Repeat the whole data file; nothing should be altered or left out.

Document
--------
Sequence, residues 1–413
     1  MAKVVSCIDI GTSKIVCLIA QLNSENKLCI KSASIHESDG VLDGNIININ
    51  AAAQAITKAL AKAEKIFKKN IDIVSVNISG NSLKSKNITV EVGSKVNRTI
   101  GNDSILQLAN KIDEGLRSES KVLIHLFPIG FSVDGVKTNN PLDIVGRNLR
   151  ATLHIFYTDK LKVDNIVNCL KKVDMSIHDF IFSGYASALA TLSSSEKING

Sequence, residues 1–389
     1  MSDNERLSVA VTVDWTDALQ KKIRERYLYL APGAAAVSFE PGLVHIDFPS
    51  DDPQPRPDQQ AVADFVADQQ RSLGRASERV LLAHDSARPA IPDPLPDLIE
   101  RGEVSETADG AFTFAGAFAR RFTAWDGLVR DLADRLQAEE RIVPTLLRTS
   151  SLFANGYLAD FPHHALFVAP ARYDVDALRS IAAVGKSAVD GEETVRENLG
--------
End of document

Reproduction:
Sequence, residues 1–413
     1  MAKVVSCIDI GTSKIVCLIA QLNSENKLCI KSASIHESDG VLDGNIININ
    51  AAAQAITKAL AKAEKIFKKN IDIVSVNISG NSLKSKNITV EVGSKVNRTI
   101  GNDSILQLAN KIDEGLRSES KVLIHLFPIG FSVDGVKTNN PLDIVGRNLR
   151  ATLHIFYTDK LKVDNIVNCL KKVDMSIHDF IFSGYASALA TLSSSEKING

Sequence, residues 1–389
     1  MSDNERLSVA VTVDWTDALQ KKIRERYLYL APGAAAVSFE PGLVHIDFPS
    51  DDPQPRPDQQ AVADFVADQQ RSLGRASERV LLAHDSARPA IPDPLPDLIE
   101  RGEVSETADG AFTFAGAFAR RFTAWDGLVR DLADRLQAEE RIVPTLLRTS
   151  SLFANGYLAD FPHHALFVAP ARYDVDALRS IAAVGKSAVD GEETVRENLG